Ofir Drori - Israeli-born photojournalist, educator and anti-wildlife crime activist - has been awarded the prestigious WWF Duke of Edinburgh Conservation Medal* for 2012. Describing the award as "a great honour", Ofir said: “I hope this award also inspires a shift to a more activist approach and bolsters the fight against corruption in our quest to save wildlife - while there are still magnificent elephants and other animals left to save.”
A tireless anti-corruption whistleblower and law enforcement activist, 36-year-old Ofir Drori works on the frontlines of endangered wildlife protection in West and Central Africa.
Within seven months, Ofir and LAGA had brought about Cameroon’s first wildlife crime prosecution, providing a model that is now being replicated in West and Central Africa.
He's also founder-director of the Central Africa Wildlife Law Enforcement Network.
Ofir received the award at Buckingham Palace on 22 October 2012, with HRH the Duke of Edinburgh himself in attendance, along with WWF director general Jim Leape.
Watch a great short video interview with award-winner Ofir Drori...
WWF director general Jim Leape says: "It's thanks to people like Ofir Drori that we still have a hope of keeping vulnerable elephant and other wildlife populations thriving - and keeping a spotlight on the poaching crisis that threatens them. I applaud his bold and impactful work.
“WWF urges world governments to crack down on wildlife poaching and illegal trade as a matter of urgency.”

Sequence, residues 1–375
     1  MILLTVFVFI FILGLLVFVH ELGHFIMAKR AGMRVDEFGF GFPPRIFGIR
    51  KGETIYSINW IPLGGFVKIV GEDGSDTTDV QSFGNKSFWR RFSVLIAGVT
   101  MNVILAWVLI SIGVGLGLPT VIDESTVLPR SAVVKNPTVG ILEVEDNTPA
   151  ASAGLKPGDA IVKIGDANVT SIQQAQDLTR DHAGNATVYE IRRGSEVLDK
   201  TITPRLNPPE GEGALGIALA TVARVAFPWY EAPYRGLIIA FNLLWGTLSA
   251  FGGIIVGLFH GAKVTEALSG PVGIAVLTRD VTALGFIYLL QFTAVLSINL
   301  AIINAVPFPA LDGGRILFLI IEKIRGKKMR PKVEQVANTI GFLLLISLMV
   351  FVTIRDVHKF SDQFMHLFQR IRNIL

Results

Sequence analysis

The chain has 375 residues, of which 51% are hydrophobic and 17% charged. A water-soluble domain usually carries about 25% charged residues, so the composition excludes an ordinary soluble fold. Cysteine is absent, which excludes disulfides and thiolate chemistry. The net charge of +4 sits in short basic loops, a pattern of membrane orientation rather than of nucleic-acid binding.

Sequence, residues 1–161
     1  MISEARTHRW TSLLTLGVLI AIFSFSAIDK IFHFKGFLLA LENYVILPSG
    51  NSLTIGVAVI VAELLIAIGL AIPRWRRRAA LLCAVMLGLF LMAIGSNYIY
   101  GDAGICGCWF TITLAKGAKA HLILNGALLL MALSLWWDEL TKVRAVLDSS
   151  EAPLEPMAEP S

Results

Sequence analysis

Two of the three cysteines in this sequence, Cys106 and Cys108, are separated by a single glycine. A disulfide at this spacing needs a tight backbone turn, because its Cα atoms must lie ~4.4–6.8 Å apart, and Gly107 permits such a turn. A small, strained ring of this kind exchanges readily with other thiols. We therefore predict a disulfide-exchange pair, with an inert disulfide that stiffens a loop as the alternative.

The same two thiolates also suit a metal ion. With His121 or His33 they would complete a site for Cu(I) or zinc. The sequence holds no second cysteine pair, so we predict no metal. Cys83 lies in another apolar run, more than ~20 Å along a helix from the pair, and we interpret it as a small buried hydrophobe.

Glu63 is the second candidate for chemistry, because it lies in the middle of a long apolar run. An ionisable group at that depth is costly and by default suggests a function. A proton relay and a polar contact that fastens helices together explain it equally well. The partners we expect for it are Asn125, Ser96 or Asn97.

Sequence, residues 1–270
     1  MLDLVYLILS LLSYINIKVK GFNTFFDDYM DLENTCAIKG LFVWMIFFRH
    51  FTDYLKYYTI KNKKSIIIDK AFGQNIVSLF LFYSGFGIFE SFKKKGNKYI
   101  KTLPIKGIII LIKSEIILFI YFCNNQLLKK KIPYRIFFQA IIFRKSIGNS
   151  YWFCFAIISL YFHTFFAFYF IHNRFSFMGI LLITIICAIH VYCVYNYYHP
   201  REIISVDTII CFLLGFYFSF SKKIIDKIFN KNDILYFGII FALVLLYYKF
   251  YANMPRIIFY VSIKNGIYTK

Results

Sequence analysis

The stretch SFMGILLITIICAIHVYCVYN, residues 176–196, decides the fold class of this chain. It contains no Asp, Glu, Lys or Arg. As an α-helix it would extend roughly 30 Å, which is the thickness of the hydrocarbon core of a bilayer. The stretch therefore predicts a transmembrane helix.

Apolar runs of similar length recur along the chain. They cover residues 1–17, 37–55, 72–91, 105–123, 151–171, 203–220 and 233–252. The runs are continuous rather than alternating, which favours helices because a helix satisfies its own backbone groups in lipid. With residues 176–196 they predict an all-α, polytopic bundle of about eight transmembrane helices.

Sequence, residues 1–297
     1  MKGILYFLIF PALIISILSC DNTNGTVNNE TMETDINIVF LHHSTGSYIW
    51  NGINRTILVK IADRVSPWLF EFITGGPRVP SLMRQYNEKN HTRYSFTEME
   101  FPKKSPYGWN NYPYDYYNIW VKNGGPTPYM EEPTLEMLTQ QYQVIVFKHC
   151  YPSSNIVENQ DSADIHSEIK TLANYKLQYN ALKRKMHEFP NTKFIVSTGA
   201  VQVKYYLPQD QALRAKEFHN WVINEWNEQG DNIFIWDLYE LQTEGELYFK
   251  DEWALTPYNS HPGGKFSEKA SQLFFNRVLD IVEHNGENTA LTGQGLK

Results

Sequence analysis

Promoting wildlife law enforcement by combating corruption at all levels, LAGA enabled a shift in Cameroon’s judicial system, resulting in arrests and prosecution of major wildlife criminals. The LAGA anti-corruption success story has been replicated in West and Central Africa in activities that go beyond nature conservation to the defence of human rights.
Wildlife poaching and organised criminal trade in wildlife have escalated dramatically in recent years and are now the greatest threat to many of WWF’s flagship species.
WWF is actively working with countries where there's poaching, smuggling or consumer demand for illegal wildlife products. To end wildlife crime we need those countries to strengthen law enforcement, combat corruption, get illegal wildlife trade recognised as a serious crime, and reduce demand for endangered species products.
Ofir Drori’s efforts have resulted in hundreds of arrests and prosecutions across West and Central Africa, and helped propagate a zero tolerance approach to illegal wildlife trafficking in Cameroon.
*The Duke of Edinburgh Conservation Medal was first given in 1970 and is awarded annually by WWF for outstanding service to the environment.
Ofir Drori joins a long line of conservation leaders to receive the award - including the 2011 winner, Dr Ashok Khosla, one of the world’s foremost sustainable development experts.